Refutation of Maria Monk’s book “Awful Disclosures”

The name of Maria Monk is widely known in anti-Catholic circles as the supposed author of a book, published in January, 1836 and entitled Awful Disclosures, which described details about her life in a convent, the Hotel Dieu in Montreal, where she claimed nuns were having sexual relations with priests who entered the convent through a secret tunnel from their neighboring seminary, and that the babies born of these encounters were baptized and then killed and dumped in a mas grave in the basement of the convent. This book was widely circulated in the last century, and unfortunately has appeared many times in recent decades, despite losing all credibility when it’s story was first investigated. This writer has seen a copy of the book on sale in England as recently as last year (2000).

It is the purpose of this essay, therefore, to show the truth once again of the Maria Monk and the “Awful Disclosures” which she purportedly wrote about.

Maria Monk was born on June 1, 1816, probably in St. John’s, Quebec, Canada, to a Protestant family. She grew up in Montreal. Little is known for certain of her early life, but she reportedly suffered a childhood head injury that led to some sort of intermittent mental derangement throughout the rest of her life. She worked as a servant girl until her promiscuity brought her to the Magdalen Asylum, a Catholic asylum for prostitutes, from which she was subsequently discharged in 1834 when she was discovered to be pregnant.. There is a testimony of the matron of this asylum in the links section below. She then formed a liaison with the Reverend William K. Hoyt (or Hoyte), head of the nativist Canadian Benevolent Association and a fanatical anti-Catholic.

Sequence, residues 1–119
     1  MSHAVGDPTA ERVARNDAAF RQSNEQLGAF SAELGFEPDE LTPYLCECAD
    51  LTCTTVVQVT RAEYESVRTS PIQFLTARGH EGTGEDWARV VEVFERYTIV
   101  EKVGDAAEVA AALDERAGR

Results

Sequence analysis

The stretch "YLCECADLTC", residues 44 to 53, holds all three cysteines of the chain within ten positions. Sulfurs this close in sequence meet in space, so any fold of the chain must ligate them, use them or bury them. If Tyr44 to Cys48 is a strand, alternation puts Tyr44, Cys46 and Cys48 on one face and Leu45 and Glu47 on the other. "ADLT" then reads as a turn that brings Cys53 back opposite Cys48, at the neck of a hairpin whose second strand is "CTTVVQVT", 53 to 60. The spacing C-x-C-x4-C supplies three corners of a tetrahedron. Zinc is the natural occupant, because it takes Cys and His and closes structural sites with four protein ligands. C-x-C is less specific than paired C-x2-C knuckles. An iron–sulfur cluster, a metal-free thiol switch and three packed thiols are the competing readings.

This book is entirely a work of fiction. In actual fact, Maria Monk was never in any convent. An affidavit written by her mother after the publication of Awful Disclosures testified that Maria was “uncontrollable and subject to wild fantasies”. It is also true that Maria Monk did not write the book at all, but a group of nativist Protestants including the aforementioned Hoyte, as wel as Rev. J. J. Slocum, Rev. George Bourne, Theodore Dwight, and others. Slocum appears to have been the principal author, because he and Maria ended up suing the others.

A little about the environment at the time might be helpful in understanding how a bokk of this type could become so popular. America in the first half of the nineteenth century already had a long history of anti-Catholic resentment and government policy. English colonists, especially the Puritans of New Englands, had a strong antipathy towards Catholicism. The movement as a whole was known as Nativism. Works of anti-Catholic literature, fiction and non-fiction, were widely available at this time. When Maria Monk’s book was published, it met an audience that was conditioned to accept the fantastic story she reported. For a fuller treatment of the anti-Catholicism of the time see American Nativism, 1830-1845 by Sean Baker.